Angioneogenesis was observed in 37 of the 39 cases of chronic thromboembolic pulmonary hypertension (all seven lungs excised at transplantation and 30 pulmonary thromboendarterectomy samples) and in two of the three cases of Eisenmenger syndrome with thromboembolic complications (fig 1B). The type of neogenesis varied from capillary (CD 34 positive endothelial cells) to arteriolar-like structures with media-like walls consisting of HHF 35 positive smooth muscle cells lined with CD34 positive endothelial cells (fig 2).
Multiple clusters of foam cells were identified in 33 of the cases of chronic thromboembolic pulmonary hypertension (the seven explanted lungs and 26 pulmonary thromboendarterectomy samples). Lymphocytes were associated with the foam cells in 31 cases, and observed alone in a further three cases. Sparse foam cells and lymphocytes were found in all the cases of primary pulmonary hypertension, in 18 cases of Eisenmenger syndrome, and in the three cases of Eisenmenger syndrome complicated by thromboembolic events (fig 1E, F).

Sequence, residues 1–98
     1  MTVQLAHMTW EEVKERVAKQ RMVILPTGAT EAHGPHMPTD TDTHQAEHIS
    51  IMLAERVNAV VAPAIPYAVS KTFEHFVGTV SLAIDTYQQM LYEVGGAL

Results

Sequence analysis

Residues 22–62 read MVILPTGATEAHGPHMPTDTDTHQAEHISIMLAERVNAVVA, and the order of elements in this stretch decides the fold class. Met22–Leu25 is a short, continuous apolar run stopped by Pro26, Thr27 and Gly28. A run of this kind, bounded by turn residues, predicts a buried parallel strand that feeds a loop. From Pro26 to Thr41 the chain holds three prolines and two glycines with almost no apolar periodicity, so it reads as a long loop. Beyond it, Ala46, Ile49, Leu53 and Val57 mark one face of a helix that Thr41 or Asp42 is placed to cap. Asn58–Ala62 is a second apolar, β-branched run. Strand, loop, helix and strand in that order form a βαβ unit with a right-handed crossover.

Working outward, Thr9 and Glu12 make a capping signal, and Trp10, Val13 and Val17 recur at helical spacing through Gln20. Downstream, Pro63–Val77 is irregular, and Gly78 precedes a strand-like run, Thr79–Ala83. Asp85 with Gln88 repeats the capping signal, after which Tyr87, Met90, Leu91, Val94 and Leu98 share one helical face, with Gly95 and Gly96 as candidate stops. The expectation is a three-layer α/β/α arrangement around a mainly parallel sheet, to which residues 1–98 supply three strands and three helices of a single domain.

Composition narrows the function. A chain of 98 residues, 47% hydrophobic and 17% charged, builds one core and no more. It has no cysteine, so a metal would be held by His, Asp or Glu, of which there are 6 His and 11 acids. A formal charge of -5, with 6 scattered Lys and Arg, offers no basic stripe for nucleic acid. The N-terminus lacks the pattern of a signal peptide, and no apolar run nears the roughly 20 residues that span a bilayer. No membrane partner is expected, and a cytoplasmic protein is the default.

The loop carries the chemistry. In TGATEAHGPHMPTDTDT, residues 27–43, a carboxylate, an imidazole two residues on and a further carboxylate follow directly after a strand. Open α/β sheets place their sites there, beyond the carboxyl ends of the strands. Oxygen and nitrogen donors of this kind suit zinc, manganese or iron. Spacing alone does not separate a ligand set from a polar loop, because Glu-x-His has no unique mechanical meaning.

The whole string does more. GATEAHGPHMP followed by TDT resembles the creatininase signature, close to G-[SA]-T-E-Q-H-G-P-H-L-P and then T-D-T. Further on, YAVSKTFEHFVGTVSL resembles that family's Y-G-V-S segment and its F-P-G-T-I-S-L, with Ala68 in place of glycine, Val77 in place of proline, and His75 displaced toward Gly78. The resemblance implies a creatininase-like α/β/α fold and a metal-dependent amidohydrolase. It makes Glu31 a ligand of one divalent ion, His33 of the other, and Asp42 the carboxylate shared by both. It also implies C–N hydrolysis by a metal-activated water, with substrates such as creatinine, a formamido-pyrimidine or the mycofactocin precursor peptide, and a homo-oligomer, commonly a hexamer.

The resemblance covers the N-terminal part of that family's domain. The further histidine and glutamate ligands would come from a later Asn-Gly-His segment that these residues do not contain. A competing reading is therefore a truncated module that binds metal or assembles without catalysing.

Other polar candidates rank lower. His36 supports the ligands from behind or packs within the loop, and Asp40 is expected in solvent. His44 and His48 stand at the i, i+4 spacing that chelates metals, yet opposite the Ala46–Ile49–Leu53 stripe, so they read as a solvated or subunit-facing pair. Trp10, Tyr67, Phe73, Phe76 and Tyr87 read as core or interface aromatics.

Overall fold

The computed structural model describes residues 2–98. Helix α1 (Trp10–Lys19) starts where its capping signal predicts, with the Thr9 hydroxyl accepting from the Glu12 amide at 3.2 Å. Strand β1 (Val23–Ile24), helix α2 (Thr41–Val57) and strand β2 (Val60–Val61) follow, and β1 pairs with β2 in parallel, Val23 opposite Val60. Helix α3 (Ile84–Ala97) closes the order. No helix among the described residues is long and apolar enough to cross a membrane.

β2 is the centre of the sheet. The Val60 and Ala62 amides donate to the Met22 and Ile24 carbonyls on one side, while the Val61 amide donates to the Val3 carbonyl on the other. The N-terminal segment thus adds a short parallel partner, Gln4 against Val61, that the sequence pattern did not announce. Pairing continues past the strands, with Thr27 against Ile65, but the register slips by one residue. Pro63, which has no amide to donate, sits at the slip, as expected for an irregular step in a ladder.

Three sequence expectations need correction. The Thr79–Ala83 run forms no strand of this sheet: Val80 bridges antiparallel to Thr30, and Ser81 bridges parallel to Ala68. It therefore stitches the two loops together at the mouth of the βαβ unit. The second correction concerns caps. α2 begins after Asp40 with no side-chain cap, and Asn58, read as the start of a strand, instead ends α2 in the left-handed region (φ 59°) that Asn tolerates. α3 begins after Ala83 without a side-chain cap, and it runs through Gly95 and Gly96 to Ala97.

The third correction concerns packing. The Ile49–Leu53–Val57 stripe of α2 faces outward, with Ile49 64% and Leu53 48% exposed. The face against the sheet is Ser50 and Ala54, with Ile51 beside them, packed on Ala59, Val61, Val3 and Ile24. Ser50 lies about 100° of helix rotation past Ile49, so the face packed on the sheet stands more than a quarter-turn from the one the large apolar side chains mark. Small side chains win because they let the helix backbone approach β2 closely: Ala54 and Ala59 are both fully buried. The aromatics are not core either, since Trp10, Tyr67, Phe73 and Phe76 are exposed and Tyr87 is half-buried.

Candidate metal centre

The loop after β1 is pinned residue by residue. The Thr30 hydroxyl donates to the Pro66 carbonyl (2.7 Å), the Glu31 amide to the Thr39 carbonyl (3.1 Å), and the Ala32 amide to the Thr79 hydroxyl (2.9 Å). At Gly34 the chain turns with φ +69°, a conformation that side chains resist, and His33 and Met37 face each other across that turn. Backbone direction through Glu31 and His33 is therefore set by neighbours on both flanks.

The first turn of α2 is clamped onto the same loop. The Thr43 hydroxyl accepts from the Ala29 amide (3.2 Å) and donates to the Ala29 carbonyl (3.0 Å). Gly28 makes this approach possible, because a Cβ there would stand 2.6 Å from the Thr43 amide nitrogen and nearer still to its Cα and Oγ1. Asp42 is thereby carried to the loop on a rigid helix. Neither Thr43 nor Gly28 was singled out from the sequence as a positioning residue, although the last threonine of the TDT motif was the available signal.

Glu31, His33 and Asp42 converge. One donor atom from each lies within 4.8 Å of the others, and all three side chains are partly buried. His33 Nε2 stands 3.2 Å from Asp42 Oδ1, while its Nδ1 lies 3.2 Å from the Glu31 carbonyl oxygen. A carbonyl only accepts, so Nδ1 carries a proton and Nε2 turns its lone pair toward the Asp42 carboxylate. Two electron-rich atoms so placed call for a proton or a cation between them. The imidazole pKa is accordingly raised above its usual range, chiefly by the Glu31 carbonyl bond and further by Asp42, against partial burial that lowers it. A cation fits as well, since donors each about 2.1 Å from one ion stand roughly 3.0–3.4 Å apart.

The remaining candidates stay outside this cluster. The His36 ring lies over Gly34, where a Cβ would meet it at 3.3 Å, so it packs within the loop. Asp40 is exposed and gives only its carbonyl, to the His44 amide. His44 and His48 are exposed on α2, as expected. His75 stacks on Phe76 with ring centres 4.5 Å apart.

Dystrophic calcifications were found in 18 of the 39 cases of chronic thromboembolic pulmonary hypertension (four lungs and 14 pulmonary thromboendarterectomy samples), and in one of the cases of Eisenmenger syndrome with thromboembolic complications. The calcium deposits were in both the fibrous tissue and the thrombotic material.
Pulmonary artery remodelling
The pulmonary artery wall underlying the intimal plaques showed the typical remodelling of atherosclerotic systemic arteries (fig 1A, D), characterised by expansion of the arterial wall, with loss of integrity and thinning of the tunica media, and parallel plaque extension toward the arterial wall. This finding was independent of the plaque composition.
Immunostaining with anti-fibrin, anti-IIb/IIIa, and anti-glycophorin A antibodies confirmed the presence of the thrombus components revealed by the Movat pentachrome stain in the plaques from the patients with chronic thromboembolic pulmonary hypertension. Immunostaining with anti-glycophorin A antibodies clearly showed the prevalence of erythrocyte membrane derived material in the pultaceous cores (fig 3A) and the organising thrombotic material (fig 3B). The intra-sample positive control was provided by red cells (fig 3C).